The Panoptic is back at fashion week this Spring Summer 20’ season reviewing the latest trends in textile technologies – highlighting several designers pushing the boundaries of sustainable and ethical fashion with the ‘Positive Fashion’ exhibition taking over showrooms.
Ethical fashion is always at the heart of today’s debate and the industry is addressing this need by featuring an increasing number of designers who pay close attention to where they source textile materials. Luna del Pinal, for example, collaborated with expert weavers from Guatemala to create their debut collection inspired by the jungle in Latin America. Patrick Mcdowell included QR codes on his clothing labels for the wearer to learn about who made the garment and how (nota bene: by wind power and mills running vertically to reduce carbon footprint) – thus highlighting the importance of customer-to-product traceability. Upcycling was also a strong feature of his work with a jacket from his previous collection turned into trousers, shoes and a bag for this SS20 collection. The ÖÖ night collection by graduate Janislav Solovjoc was tailored by digital pattern cutting using Lectra and CLO software to reduce waste on pattern paper.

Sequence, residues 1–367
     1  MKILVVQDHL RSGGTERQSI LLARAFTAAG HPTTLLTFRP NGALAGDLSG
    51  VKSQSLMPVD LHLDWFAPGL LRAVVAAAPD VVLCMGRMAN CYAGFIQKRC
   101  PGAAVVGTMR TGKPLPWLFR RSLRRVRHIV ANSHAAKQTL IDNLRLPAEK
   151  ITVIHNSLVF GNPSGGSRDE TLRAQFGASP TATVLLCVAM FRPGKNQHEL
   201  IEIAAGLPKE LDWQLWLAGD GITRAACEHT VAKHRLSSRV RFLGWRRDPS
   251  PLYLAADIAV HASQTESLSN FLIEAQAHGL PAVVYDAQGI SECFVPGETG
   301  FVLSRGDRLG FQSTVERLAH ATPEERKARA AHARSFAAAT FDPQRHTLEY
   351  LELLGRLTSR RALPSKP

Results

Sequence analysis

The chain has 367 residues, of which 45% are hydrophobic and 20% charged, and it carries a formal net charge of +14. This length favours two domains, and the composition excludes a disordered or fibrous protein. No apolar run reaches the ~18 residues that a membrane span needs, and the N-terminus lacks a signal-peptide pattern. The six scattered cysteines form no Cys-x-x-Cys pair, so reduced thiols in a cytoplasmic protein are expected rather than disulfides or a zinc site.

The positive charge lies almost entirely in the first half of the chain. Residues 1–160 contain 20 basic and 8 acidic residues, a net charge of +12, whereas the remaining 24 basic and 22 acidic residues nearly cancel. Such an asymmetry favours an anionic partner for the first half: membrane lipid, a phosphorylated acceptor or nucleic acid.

Runway and presentation silhouettes embraced the female body with designers pushing for more skin reveal to accentuate the female body. Nensi Dojaka utilised lingerie techniques to create her SS20 collection featuring spaghetti straps and miniskirts made of lightweight chiffon. The coupling of fluidity and airiness created was also found on the catwalk with Charlotte Knowles’ Halterneck bikinis and Supriya Lele’s sheer finishes. Four designers from Hong Kong were placed in the spotlight as the new Hong Kong Design Renaissance Foundation (DRF) opened LFW with strong influences from the skyscraper urban jungle.
Erika Maish produced garments made-to-measure using 3D printing and recycled materials in order to challenge what people wear and create thought-provoking pieces on the future of garment construction. The use of novel materials for textiles was prevalent as designer Cecily Ophelia featured walnut skin with matembe seeds and nsimbi shells as charcoal headpiece finish. Electronic circuit boards served as prime material for Lylie’s pieces – one of few jewellery designers showcasing this season. Finally, horsehair was used as a key material for Azura Lovisa’s SS20 collection inspired by the Swedish midnight sun. The horsehair can only produce about 3 metres of fabric a day but is extremely durable and strong. The horsehair is crafted from horse race donations – the remaining garments are made of sustainable linens, cottons, and Thai silk sourced from women farmers in Southeast Asia.
SS20 designers are clearly drawing inspiration from a plethora of stimuli addressing the major issues of the industry at hand – with ‘slow’ fashion now replacing the fast.
Cover image of Jamie Wei Huang show by photographer Emmi Hyyppa